Why my family eats pesticide-sprayed, foreign-grown food.
I don’t buy organic, at least not as a rule. There are occasions – when there are no “non-organic” bananas left that aren’t browned and smushed and my daughter is begging for bananas – I might be convinced to make the buy. But our mattresses are not organic. Our clothes are, by and large, not organic. Needless to say, our milk is not organic. So a New York Times article on a mother fretting over just how organic the mattress her baby boy is sleeping on should have made me feel bad, right?
Not really. Because for all the maternal guilt I can muster over things I have and haven’t done for my daughter, I have enough other pressing things to worry about: The hole in the ozone layer. The mortgage. The reason the cat has started turning up her tail at the litter box instead of inside of it.
I’m also still grappling with the exact moment when “organic” became interchangeable with “good for us” in the United States. Arsenic, after all, is organic.
Dressing my daughter in one hundred percent cotton denim or mixing up a stir-fry of non-organic vegetables and run-of-the-mill brown rice doesn’t quite cut it according to the green-baby parenting books. But whoever said organic and green were the same thing?
Researchers in the Department of Rural Economy at the University of Alberta in Edmonton, Canada, found the greenhouse gas emitted when organic produce is transported from great distances mitigates the environmental benefits of growing the food organically. And organically fed cows, which produce organic beef and organic milk, emit the same methane gases as their antibiotic-treated counterparts, which in turn contribute to global warming (the EPA estimates all our livestock – organically-fed included – produce twenty percent of our nation’s methane emissions). So if I can’t buy organic for the environment, surely I’d do it for my child’s health, right?
Sure – if you could tell me that buying organic and only organic was the best thing for my daughter.
Except, no one can.
Not the USDA. They oversee organic labeling, but they’ve remained mum on putting their own seal of approval on the O word.
Not a lot of scientists either. They say it’s good for you – don’t get me wrong. But better for you than anything else could possibly be? Not yet.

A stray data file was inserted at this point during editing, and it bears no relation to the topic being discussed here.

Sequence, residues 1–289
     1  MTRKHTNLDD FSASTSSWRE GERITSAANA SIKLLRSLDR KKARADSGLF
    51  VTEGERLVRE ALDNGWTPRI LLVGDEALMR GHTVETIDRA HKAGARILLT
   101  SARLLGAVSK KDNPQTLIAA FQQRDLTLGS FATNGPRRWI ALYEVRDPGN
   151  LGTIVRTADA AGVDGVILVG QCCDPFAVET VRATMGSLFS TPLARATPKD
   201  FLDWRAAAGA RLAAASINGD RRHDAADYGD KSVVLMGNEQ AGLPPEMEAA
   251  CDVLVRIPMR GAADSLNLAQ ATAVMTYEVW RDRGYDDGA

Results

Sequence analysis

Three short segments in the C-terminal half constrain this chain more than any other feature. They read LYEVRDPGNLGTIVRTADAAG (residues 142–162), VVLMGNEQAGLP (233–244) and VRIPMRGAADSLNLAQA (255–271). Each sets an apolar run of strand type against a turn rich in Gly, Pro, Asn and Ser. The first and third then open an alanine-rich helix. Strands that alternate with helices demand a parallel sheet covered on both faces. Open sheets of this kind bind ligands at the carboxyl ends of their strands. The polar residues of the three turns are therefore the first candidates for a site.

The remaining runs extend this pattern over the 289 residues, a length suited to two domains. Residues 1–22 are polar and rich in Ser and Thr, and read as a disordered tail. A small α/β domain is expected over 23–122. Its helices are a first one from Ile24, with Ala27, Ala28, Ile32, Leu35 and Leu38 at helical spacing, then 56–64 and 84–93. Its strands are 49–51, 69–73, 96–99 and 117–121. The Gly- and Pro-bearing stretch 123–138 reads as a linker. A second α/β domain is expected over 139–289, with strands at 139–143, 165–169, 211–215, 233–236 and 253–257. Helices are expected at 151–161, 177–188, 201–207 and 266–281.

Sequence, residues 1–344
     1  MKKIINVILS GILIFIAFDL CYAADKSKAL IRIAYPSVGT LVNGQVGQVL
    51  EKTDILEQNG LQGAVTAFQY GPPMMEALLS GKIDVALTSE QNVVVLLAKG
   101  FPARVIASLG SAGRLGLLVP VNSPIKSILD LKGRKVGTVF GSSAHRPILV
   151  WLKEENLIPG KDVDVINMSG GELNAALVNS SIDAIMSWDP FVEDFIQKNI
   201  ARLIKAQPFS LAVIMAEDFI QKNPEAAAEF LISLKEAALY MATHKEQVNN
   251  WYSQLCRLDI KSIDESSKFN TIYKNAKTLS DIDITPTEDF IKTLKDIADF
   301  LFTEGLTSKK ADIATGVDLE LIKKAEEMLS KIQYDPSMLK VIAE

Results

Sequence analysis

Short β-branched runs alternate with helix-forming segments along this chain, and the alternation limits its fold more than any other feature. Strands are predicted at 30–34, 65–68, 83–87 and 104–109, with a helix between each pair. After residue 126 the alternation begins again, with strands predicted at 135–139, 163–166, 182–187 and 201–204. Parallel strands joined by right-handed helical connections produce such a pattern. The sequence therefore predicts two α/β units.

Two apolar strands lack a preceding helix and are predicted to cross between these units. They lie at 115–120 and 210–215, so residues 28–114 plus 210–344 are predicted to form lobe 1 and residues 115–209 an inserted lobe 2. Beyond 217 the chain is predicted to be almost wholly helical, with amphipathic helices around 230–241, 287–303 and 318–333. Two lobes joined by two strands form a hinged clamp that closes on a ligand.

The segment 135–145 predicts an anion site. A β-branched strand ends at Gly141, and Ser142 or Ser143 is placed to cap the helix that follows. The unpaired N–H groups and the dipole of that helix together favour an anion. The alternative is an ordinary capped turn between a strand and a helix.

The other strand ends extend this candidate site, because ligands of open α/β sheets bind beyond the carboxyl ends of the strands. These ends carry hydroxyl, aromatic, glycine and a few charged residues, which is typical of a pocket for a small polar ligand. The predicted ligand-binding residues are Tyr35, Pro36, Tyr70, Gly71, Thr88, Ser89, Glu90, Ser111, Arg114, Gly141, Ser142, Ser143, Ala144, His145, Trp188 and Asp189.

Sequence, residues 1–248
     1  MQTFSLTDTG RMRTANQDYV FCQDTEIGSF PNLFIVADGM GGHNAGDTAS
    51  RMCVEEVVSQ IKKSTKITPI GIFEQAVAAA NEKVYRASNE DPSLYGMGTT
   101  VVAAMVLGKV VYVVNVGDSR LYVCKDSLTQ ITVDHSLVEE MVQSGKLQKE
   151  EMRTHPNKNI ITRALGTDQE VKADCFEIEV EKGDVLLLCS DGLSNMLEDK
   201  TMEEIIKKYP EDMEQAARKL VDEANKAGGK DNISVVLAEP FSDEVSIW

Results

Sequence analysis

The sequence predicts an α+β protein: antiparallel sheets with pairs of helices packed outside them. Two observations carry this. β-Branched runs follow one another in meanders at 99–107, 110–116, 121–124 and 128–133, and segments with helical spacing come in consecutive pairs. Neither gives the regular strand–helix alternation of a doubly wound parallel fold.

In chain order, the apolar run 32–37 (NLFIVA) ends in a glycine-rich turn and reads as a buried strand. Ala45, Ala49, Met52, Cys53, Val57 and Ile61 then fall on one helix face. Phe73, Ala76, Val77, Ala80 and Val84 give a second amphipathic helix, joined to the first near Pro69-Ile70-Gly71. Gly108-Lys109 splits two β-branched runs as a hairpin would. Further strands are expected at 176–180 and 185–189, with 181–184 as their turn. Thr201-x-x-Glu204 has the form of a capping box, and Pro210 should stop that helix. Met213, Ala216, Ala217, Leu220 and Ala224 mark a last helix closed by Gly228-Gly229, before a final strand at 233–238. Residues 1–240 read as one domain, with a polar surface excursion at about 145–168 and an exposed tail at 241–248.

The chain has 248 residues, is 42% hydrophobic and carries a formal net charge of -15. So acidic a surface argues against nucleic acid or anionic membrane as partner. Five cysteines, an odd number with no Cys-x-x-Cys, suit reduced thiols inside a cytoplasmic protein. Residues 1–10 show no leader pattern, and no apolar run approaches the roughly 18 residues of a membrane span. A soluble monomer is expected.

A study by the Danish government’s International Centre for Research in Organic Food Systems last summer found no differences in the nutrients present in the crops after harvest; nor was there any evidence that lab rats retained different levels of the nutrients depending on how the foodstuffs were grown. And no matter how many organic ingredients get piled into the mixing bowl, if you’re making a cake, you’re still not making health food.
The truth? I can’t afford it. It’s all compelling evidence. And yet, none of it represents the real reason I’m apathetic about organic. The truth? I can’t afford it.
What I can afford are cotton jeans that breathe versus polyblends that don’t. I can afford healthy foods for my daughter – the whole grains, the fresh vegetables straight from the farmers’ market in the summer and the grocery store in the winter. The more money I save by not buying organic, the more I have left to spend on broccoli and sweet peas – foods that actually fall on the Environmental Working Groups (EWG) list of the dozen “consistently clean” foods they say you can feel pretty safe purchasing, even when they’re not organic.
In case you haven’t heard, the economy is having a few problems at the moment. And considering the Organics Consumer Association itself puts the prices of organic products anywhere from fifty to one hundred percent higher than non-organics, I have had to make some tough choices along the way. As long as buying pesticide-free means making nursery school tuition harder to pay this month, or my daughter needs a new pair of shoes, I’m okay with buying that non-organic bunch of bananas.